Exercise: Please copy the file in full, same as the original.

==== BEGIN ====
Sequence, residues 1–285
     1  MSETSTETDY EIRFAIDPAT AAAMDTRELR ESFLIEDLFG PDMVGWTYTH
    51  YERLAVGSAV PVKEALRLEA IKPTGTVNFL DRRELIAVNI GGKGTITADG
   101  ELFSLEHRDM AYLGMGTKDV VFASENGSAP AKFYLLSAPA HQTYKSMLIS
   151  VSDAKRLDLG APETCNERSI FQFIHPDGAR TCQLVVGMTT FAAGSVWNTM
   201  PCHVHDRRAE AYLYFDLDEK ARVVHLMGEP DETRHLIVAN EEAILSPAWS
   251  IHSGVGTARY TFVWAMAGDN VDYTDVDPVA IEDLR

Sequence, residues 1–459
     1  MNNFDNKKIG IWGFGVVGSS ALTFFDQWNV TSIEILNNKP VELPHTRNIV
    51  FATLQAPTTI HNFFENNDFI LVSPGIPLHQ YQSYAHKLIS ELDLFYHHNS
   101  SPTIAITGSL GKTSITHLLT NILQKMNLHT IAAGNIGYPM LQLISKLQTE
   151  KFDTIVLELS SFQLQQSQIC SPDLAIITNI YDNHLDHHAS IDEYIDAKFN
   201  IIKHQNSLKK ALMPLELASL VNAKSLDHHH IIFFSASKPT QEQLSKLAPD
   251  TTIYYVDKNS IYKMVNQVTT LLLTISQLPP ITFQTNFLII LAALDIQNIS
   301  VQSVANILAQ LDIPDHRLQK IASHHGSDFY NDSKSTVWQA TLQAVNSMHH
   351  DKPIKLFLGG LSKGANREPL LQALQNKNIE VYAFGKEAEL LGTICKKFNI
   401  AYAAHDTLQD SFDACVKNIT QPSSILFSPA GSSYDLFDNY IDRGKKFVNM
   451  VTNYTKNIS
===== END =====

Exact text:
Sequence, residues 1–285
     1  MSETSTETDY EIRFAIDPAT AAAMDTRELR ESFLIEDLFG PDMVGWTYTH
    51  YERLAVGSAV PVKEALRLEA IKPTGTVNFL DRRELIAVNI GGKGTITADG
   101  ELFSLEHRDM AYLGMGTKDV VFASENGSAP AKFYLLSAPA HQTYKSMLIS
   151  VSDAKRLDLG APETCNERSI FQFIHPDGAR TCQLVVGMTT FAAGSVWNTM
   201  PCHVHDRRAE AYLYFDLDEK ARVVHLMGEP DETRHLIVAN EEAILSPAWS
   251  IHSGVGTARY TFVWAMAGDN VDYTDVDPVA IEDLR

Sequence, residues 1–459
     1  MNNFDNKKIG IWGFGVVGSS ALTFFDQWNV TSIEILNNKP VELPHTRNIV
    51  FATLQAPTTI HNFFENNDFI LVSPGIPLHQ YQSYAHKLIS ELDLFYHHNS
   101  SPTIAITGSL GKTSITHLLT NILQKMNLHT IAAGNIGYPM LQLISKLQTE
   151  KFDTIVLELS SFQLQQSQIC SPDLAIITNI YDNHLDHHAS IDEYIDAKFN
   201  IIKHQNSLKK ALMPLELASL VNAKSLDHHH IIFFSASKPT QEQLSKLAPD
   251  TTIYYVDKNS IYKMVNQVTT LLLTISQLPP ITFQTNFLII LAALDIQNIS
   301  VQSVANILAQ LDIPDHRLQK IASHHGSDFY NDSKSTVWQA TLQAVNSMHH
   351  DKPIKLFLGG LSKGANREPL LQALQNKNIE VYAFGKEAEL LGTICKKFNI
   401  AYAAHDTLQD SFDACVKNIT QPSSILFSPA GSSYDLFDNY IDRGKKFVNM
   451  VTNYTKNIS